·         $200,000 to prevent closing 6 DEC campgrounds and 1 educational facility.

Environmental Protection Fund:

·         $134 million in appropriation for the EPF.

·         $134 million in revenues including:

·         $119.1 million in Real Estate Transfer Tax (RETT) revenues.

·         $11 million in pre-existing Miscellaneous Receipts (approved in SFY 2009-10 budget). 

·         $4 million in New Revenue Proposals including:

o   $1 million in E-Waste Fees.

o   $1 million from increases to civil & criminal fines & penalties for ECL violations.

o   $2.1 million in Re-Structuring of the Fees for Hazardous Waste Generation.

§  $130 p/ton fee for hazardous waste generation. 

§  Capped at $300,000 annually in overall fee payments.

§  4,000- 10,000 tons of waste capped at $400,000 annually. 

§  Over 10,000 tons of waste capped at $800,000 annually.

Senator Brian X. Foley (D-Blue Point) said, "During these tough economic times, families increasingly rely on our parks for affordable, safe, and family-friendly recreation close to home. Our commitment to fully restoring parks funding will save state parks and preserve them for children and families for generations to come."

Senator David J. Valesky (D-Oneida) said, “Our parks are the crown jewels of New York State. These state parks and historic sites are important not just for the recreation they provide, but are a critical component of our tourism industry, contribute to our quality of life and promote regional economic well being.  The Senate Democratic Majority has fought to save our parks, and as we move through the final stages of budget negotiations, I am pleased we were able to work together to make sure that our parks were saved.”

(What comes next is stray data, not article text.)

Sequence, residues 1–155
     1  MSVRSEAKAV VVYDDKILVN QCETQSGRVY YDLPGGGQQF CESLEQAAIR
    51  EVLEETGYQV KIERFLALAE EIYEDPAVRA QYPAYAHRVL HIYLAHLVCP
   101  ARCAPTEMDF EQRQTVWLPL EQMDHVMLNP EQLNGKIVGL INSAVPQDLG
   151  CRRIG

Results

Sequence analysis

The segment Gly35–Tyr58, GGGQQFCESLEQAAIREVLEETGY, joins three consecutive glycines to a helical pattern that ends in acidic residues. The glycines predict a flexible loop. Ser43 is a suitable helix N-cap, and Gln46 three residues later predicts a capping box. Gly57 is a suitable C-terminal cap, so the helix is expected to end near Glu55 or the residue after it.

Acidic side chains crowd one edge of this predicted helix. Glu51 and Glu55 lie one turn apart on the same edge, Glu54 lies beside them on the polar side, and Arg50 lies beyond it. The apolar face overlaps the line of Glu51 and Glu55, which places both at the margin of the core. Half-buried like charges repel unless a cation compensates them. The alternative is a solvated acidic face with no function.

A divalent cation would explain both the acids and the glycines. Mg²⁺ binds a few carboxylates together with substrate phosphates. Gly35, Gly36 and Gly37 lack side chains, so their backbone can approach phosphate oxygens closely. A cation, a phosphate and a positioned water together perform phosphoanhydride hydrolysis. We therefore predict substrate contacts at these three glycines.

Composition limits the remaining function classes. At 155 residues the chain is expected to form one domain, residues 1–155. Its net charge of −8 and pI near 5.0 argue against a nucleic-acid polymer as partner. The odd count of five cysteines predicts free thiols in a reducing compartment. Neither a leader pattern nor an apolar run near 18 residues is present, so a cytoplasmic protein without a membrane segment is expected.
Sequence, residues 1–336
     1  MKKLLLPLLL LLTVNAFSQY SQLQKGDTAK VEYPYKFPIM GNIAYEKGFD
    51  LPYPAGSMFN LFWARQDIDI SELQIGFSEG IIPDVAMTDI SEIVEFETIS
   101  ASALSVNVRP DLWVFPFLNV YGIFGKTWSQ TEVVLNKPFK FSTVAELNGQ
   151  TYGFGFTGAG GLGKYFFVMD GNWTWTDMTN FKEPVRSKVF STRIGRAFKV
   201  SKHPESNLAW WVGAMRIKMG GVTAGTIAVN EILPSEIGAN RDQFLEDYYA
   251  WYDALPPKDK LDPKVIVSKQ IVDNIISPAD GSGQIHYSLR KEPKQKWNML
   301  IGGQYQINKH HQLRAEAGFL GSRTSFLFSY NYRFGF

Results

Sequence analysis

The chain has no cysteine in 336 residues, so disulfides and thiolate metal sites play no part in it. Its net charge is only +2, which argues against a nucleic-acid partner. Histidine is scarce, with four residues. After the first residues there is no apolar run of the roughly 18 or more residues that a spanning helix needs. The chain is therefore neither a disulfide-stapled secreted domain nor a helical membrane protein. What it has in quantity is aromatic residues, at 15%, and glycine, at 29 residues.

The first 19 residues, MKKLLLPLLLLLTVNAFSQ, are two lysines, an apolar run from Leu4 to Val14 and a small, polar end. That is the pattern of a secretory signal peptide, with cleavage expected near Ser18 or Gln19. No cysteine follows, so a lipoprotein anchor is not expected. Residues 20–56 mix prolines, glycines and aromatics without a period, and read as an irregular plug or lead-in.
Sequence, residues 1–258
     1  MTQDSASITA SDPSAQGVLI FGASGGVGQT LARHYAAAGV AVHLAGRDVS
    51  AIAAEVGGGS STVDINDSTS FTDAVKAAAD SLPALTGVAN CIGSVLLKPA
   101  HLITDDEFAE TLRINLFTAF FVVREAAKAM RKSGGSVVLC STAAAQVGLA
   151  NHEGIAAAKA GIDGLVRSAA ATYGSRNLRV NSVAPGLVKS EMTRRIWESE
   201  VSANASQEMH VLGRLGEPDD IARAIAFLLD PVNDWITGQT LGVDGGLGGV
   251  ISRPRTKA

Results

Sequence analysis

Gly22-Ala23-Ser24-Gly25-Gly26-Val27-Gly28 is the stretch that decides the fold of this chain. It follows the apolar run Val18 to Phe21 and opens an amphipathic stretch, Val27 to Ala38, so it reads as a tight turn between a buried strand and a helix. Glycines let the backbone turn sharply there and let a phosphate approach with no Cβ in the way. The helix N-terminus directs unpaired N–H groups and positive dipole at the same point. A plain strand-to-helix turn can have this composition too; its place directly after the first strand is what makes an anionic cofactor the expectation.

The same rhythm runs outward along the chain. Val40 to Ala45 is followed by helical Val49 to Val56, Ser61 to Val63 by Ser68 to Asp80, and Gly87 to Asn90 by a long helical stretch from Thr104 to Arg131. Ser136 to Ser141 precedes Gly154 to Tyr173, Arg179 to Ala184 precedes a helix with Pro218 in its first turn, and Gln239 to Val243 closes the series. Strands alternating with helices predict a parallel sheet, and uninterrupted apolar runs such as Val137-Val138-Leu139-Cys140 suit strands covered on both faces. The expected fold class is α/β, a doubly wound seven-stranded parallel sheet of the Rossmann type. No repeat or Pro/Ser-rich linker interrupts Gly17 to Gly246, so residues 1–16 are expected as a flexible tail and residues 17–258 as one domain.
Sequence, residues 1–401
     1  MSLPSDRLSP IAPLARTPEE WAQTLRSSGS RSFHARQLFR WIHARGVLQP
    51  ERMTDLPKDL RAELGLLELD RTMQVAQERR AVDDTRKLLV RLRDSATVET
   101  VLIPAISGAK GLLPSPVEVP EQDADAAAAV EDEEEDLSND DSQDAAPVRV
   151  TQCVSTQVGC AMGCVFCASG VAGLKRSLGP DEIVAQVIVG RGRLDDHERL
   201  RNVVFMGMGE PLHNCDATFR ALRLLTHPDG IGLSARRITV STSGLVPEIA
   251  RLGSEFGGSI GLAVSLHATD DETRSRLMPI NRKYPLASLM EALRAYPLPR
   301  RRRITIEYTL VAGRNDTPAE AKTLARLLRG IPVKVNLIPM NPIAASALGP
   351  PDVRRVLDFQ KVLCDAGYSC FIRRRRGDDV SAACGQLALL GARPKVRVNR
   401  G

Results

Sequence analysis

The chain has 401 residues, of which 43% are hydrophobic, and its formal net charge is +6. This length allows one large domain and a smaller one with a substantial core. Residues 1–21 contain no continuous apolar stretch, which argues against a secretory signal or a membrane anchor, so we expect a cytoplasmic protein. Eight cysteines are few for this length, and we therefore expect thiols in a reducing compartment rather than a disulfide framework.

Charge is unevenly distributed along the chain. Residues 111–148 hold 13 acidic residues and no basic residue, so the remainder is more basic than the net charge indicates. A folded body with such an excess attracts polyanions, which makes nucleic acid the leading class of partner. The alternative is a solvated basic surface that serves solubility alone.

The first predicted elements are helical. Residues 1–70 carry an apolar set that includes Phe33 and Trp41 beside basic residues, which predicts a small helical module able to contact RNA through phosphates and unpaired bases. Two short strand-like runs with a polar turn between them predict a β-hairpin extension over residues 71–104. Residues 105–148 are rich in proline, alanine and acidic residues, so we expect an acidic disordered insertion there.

Senator Neil D. Breslin (D-Albany) said, “Restoring funding to parks will save the recreational environment that many New Yorker’s depend on. Thatcher Park is one of the most precious resources in my district that provide trails for summer hiking, mountain biking and fields for children to play.  Now we can keep Thacher Park open to give all families a place for recreation, education and cultural enrichment.”

Senator Darrel J. Aubertine (D-Cape Vincent) said, “From the day this was first proposed, I have worked with my colleagues in support of keeping our parks and historic sites open. The Thousand Islands and the Eastern Basin of Lake Ontario depend on these parks and historic sites for tourism. These attractions generate some $60 million to $80 million in economic activity in this region alone, so it is just financial common sense to make $6 million investment statewide to keep our summer economy moving.”

Senator William T. Stachowski (D-Lake View) said, “Parks are critical to families and the economy in Erie county and across the state. State parks are a vital component to our tourism industry, families depend on them for recreation and local businesses depend on the money generated from the millions of visitors who utilize them every year.  I am pleased that we were able to secure the funding to reopen our parks for Memorial Day weekend and throughout the season.”